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To what extent does Shakespeare present Iago as a tragic villain with no redeeming features?

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Introduction

To what extent does Shakespeare portray Iago as a tragic villain with no redeeming qualities? To say that Iago is a tragic villain with no redeeming qualities is a grossly over-simplified statement, which in no way accounts for the complexity of human behaviour or Shakespeare's skill in portraying it. The Aristotelian tragic hero is defined as essentially good with a single fatal flaw which helps lead to their undoing. Therefore the corresponding villain must logically possess a redeeming characteristic; if not only to provide balance then to be a realistic character in their own right. The role of Iago as villain depends largely on one's interpretation of the tragic genre, be it classical or modern. Seneca (4BC-AD65) developed Aristotle's theories that a tragic hero falls from high to low by also expostulating that evil may defeat reason during the play. Although Iago is usually classed as a villain, he could also be seen as an anti-hero of tragedy; he falls from high to low, from "honest Iago" to "viper" (at least in the other characters' estimations), and his malevolence evidently overcomes all other aspects of his character as the plot unfolds. ...read more.

Middle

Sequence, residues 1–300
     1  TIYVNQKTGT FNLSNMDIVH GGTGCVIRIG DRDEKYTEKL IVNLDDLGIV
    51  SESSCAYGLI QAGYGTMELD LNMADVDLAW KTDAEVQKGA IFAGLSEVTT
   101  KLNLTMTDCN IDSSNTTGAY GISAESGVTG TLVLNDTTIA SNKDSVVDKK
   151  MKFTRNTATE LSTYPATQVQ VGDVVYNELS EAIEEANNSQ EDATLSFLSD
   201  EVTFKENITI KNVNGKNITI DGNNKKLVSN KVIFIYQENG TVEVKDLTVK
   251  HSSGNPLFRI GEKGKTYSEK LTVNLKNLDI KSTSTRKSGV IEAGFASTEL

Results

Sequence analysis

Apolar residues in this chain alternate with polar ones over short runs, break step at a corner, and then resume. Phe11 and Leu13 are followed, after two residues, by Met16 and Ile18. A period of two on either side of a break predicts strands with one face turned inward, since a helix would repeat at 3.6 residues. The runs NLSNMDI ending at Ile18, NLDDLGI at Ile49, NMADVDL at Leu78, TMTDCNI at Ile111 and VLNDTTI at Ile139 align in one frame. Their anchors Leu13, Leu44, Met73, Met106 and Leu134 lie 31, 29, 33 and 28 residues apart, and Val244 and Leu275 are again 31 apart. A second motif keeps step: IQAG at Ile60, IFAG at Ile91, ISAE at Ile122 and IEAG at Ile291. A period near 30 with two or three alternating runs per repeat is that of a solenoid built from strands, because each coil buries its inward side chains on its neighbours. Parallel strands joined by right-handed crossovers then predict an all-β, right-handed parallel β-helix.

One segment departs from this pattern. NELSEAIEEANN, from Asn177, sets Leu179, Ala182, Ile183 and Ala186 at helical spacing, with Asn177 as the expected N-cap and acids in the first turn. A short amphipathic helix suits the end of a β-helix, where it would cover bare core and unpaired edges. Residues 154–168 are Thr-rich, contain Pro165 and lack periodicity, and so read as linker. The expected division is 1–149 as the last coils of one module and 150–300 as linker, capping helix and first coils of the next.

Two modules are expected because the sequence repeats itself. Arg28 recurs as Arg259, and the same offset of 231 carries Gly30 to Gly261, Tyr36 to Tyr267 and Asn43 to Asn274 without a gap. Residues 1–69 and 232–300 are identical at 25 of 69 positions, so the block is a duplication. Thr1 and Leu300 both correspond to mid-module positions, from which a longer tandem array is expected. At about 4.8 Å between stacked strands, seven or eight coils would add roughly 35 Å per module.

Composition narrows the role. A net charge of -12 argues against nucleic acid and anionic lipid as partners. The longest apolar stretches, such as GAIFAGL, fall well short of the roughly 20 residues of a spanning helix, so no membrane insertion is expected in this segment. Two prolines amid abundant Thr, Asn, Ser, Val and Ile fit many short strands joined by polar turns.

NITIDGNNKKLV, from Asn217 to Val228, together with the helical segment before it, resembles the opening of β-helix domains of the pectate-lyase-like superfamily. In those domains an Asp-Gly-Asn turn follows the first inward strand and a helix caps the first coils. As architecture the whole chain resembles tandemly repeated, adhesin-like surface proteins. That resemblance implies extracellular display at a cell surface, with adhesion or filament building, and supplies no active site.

It is clear then that the humanisation of Iago must rest on the presence of motives for his machinations. Certainly, multiple reasons are hinted at in his speeches. He is definitely jealous of Cassio's promotion; shown by "mere prattle...is all his soldiership", the word "prattle" especially conveying his contempt of Cassio's opinion. He could also be misogynistically attempting to "turn (Desdemona's) virtue into pitch", or his racism ("old black ram") might fuel his destruction of Othello. Perhaps most importantly, he suspects that Othello has slept with his wife ("twixt my sheets/He's done my office"). The latter is a clear motive for revenge, although some have argued that even this seems almost an afterthought as opposed to a driving force. It is only mentioned briefly in the entire play, and even then in a calm, factual manner - the quote "done my office" seems especially banal, as if Othello has merely performed a job designated to Iago - hardly evidence that he is consumed with jealousy in his plotting. However these are still motives and one must remember that in Shakespeare's time they may have appeared much more significant than today. ...read more.

Conclusion

Of course, it cannot be avoided that Iago is still a villain. He is cunning, ruthless and nothing can excuse the fact that his words - if not his actions - lead to the deaths of Desdemona and Othello. Yet he is also tragic, not because of an absence of redeeming qualities, but because one cannot see them. Iago is unfathomable - we fear him because we cannot understand him. As one critic said, "(Iago) is monstrous because, faced with the manifold richness of experience, his only reaction is calculation and the desire to manipulate"3. Yet Iago's tragedy arises not from his manipulations, but from his inability to appreciate the "manifold richness" before him. Every other character experiences conclusion; even Othello, by killing himself, achieves a semblance of closure for his actions, and a catharsis for the audience. The only exception is Iago, who retains a frustratingly ambiguous ending. He is not killed, yet neither does he show remorse, nor indeed any change of character. Instead he merely remains, silent and impenetrable, seemingly unconcerned about his own fate. That is Iago's tragedy; not that he is irredeemable, but that one is never allowed close enough to him to prove otherwise. ...read more.

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